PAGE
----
UPDATED 1/24/19 1:23 p.m. ET: TMZ has obtained the ad that Acreage Holdings was unable to run during Super Bowl LIII. According to the outlet, Acreage Holdings was up for paying the $5 million to run the spot.
The ad highlights three people who have benefitted from taking medical marijuana, including a boy who has hundreds of seizures a day and had issues using traditional medicine for treatment.
According to Bloomberg, Acreage Holdings claims CBS cut a medical marijuana ad from the televised portion of the Super Bowl after seeing the commercial's rough outline. The multi-state marijuana company tells the publication that the goal of the advertisement was to "create an advocacy campaign for constituents who are being lost in the dialogue" and thought that the most-watched event of the year could help push this narrative.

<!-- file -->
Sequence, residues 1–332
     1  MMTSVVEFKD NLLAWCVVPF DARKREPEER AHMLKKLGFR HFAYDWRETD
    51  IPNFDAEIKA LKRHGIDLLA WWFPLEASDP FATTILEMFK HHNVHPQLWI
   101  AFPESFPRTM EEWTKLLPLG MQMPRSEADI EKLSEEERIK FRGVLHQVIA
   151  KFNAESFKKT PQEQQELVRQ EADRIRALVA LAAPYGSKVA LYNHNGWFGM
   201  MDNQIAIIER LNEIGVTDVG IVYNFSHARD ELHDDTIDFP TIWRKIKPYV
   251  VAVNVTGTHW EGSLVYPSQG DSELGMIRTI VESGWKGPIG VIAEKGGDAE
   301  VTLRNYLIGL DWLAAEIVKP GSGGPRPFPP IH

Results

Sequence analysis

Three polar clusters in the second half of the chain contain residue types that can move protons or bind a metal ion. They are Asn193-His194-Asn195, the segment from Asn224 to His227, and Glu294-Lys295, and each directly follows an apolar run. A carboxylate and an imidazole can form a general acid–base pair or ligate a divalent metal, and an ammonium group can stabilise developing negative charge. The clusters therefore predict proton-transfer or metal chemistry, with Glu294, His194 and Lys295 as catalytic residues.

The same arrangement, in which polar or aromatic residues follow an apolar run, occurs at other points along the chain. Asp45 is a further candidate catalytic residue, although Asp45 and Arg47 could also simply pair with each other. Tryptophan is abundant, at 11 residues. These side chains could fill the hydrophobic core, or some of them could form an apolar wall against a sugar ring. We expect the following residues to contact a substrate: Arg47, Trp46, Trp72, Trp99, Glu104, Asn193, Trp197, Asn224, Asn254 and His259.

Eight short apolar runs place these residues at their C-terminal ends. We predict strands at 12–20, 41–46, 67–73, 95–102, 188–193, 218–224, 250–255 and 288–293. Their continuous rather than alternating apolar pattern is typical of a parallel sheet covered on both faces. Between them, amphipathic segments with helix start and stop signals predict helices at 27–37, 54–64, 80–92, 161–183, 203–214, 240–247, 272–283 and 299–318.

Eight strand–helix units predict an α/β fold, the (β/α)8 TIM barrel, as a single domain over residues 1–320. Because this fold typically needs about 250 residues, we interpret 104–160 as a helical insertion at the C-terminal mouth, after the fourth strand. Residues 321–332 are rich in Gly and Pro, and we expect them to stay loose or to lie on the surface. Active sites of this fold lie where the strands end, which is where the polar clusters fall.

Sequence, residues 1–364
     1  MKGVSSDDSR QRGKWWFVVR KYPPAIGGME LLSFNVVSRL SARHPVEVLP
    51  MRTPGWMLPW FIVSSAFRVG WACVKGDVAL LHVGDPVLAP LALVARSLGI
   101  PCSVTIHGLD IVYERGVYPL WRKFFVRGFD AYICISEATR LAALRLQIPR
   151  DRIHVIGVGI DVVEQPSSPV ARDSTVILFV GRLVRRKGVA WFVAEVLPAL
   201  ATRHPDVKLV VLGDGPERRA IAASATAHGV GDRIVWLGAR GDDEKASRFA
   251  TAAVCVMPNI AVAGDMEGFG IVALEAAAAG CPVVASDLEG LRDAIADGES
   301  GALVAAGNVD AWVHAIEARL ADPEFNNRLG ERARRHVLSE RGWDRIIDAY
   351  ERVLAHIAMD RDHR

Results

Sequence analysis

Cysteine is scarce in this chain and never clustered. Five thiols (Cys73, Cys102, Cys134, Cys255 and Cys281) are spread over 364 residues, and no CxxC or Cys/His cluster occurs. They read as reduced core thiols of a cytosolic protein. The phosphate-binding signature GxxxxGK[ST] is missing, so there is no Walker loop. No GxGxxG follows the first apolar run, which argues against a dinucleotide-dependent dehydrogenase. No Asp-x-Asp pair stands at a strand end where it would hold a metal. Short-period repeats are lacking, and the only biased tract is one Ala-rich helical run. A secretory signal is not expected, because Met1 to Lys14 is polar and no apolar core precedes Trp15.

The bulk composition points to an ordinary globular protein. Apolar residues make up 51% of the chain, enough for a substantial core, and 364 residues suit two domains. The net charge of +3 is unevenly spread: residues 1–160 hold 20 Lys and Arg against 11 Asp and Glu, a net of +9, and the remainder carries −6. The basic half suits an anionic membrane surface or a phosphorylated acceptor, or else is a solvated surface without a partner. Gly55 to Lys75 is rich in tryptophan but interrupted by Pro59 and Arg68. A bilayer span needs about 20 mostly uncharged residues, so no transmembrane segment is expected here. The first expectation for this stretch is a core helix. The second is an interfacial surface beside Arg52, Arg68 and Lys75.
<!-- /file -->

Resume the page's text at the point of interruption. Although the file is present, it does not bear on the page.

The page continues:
Although medical marijuana is legal in over 30 states, federal restrictions hinder many from obtaining the drug. For example: Even though medical marijuana is legal in the state of Oklahoma, the Tulsa World reports that it is against the law for a doctor to actually prescribe the substance. This is because marijuana is still classified by the federal government as a schedule one controlled substance. Therefore doctors are prohibited from discussing strains and dosages with their patients as that would be considered aiding and abetting which is punishable by law.
It is because of these nuanced difficulties that many feel the ad would have been informative and beneficial. As a result, fans are calling out the league's hypocrisy.